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NewsEnvironmentUniversity researchers look at new trend to have a prehistoric burial

University researchers look at new trend to have a prehistoric burial

University academics are to look at the modern-day phenomenon of why people are wishing to be buried like their prehistoric ancestors.

Archaeologist Dr Kenny Brophy and researcher Andrew Watson from the University of Glasgow have received a British Academy Leverhulme small grant to undertake research. 

The new trend has seen modern versions of prehistoric burial mounds called barrows being built to contain the cremation ashes of the deceased.

Death BC Image - Research News Scotland
Photo by the University of Glasgow. The new project is the first in-depth archaeological evaluation of this phenomenon.

There are now over 10 of these buildings in operation or in the planning process across the UK, each with design elements taken from megalithic burial mounds from the Neolithic and Bronze Age periods.

The first was at The Long Barrow at All Cannings, Wiltshire, in 2014, built by Tim Daw, and since then several barrows have been built by Sacred Stones and other private owners.

Several are now in the planning process in Wales and in Kinghorn, Fife, and near Perth in Scotland.

Burial - Research News Scotland
Photo by Hannah Wernecke on Unsplash. These are all very popular and meet the growing demand for alternative, sustainable forms of burial.

Through research, fieldwork, and interviews, the research team will explore to what extent prehistory has influenced these barrow columbaria, and why people choose to store their own or family member’s remains within them.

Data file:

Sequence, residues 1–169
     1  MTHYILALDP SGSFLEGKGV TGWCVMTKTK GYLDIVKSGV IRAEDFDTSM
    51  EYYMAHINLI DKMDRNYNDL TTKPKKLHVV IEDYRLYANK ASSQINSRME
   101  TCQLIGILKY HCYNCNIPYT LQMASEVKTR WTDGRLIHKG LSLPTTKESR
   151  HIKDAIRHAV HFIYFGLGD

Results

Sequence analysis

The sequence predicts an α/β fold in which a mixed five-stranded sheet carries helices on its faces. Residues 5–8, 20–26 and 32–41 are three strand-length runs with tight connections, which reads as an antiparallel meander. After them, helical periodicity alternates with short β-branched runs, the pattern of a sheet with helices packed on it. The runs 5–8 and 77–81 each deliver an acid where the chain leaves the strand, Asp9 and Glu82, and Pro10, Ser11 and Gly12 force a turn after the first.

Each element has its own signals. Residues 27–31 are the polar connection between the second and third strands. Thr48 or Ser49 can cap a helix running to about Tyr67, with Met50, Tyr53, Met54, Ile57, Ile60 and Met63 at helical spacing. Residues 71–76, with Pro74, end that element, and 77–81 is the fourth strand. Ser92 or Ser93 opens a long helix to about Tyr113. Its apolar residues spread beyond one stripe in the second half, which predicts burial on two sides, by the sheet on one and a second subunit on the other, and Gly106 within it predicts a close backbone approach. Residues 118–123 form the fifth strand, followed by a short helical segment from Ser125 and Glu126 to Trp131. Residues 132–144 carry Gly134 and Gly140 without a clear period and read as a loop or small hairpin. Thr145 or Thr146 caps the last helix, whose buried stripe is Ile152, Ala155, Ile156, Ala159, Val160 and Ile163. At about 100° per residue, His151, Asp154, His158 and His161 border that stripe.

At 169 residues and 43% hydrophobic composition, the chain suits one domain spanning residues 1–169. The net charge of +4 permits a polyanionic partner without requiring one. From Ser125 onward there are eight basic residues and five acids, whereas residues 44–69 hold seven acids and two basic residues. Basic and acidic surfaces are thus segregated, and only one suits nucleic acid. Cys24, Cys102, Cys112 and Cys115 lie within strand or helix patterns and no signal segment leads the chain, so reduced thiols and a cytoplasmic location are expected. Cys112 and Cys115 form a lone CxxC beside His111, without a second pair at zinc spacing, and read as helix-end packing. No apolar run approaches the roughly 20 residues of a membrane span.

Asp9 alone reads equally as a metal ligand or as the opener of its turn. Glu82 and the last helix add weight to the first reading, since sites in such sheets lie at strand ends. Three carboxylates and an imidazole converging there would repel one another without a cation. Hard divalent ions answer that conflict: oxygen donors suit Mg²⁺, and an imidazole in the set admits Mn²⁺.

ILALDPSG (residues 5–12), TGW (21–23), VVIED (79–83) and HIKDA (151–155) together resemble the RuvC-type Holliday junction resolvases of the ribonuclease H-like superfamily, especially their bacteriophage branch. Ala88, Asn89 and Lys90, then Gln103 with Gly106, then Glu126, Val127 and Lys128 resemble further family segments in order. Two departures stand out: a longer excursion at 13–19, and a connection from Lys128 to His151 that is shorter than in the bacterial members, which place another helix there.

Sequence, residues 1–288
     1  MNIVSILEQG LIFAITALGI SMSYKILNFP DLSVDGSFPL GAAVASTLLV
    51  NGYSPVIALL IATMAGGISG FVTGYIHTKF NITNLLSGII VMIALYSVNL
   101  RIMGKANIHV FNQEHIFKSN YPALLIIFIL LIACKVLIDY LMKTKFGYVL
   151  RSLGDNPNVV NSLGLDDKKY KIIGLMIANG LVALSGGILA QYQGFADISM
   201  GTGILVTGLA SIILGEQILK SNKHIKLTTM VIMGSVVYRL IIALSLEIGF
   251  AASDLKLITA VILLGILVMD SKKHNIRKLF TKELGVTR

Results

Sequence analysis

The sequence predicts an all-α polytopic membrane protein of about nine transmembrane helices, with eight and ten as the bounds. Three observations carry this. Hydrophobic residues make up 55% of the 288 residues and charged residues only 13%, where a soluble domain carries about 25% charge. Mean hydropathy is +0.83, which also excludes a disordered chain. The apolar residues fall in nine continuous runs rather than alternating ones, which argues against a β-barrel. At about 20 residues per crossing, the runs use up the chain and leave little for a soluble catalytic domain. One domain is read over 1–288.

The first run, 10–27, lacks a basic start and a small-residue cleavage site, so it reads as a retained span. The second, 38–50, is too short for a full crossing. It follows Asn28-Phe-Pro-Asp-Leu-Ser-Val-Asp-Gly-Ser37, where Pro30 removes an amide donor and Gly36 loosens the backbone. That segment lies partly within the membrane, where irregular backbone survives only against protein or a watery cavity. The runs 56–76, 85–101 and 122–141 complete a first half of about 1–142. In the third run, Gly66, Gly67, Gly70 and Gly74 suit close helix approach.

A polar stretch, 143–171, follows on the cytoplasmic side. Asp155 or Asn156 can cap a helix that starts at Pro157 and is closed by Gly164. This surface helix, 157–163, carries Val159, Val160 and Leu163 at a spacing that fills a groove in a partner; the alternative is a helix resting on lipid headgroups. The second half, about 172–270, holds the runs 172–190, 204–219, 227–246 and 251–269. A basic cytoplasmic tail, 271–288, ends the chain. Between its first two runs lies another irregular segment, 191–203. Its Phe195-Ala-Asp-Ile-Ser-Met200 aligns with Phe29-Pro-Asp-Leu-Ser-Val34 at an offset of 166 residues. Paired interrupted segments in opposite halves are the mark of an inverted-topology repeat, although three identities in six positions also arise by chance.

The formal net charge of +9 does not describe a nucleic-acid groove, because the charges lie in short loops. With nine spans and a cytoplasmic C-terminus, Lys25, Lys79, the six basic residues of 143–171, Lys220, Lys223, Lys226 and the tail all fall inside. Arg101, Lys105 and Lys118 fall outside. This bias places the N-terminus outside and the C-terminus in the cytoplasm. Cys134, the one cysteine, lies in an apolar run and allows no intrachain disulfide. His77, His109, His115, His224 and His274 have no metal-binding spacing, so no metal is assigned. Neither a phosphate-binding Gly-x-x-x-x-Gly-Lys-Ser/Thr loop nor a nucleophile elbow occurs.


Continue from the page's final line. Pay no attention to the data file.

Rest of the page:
Dr Brophy said: “I am excited that the British Academy have agreed to fund this research andgrateful for builders, owners and users of barrow columbaria for being willing to collaborate with us.

“The construction of prehistoric-style monuments appears to be more fashionable now than it has been for millennia and I want to make sense of why this might be. 

An archaeological perspective to the study of these barrows is relevant not just because of the prehistoric connections, but also because we are interested in how people interact with buildings and material culture in relation to death and burial in any time period”. 

Research - Research News Scotland
Photo by Scott Graham on Unsplash. The relevance of prehistoric lifeways in society today is one element of the University of Glasgow archaeology department’s engaged archaeology strand of research.

Researcher Andrew Watson added: “Death BC is the first project of its kind and builds on my doctoral research with Dr Brophy.

“This project will allow us to advance this research further, exploring the significance of these monuments not only to people interring loved ones but wider society.

“We also hope to be able to explore contemporary perspectives on death, burial, mourning and remembrance through these monuments and the communities associated with them”.

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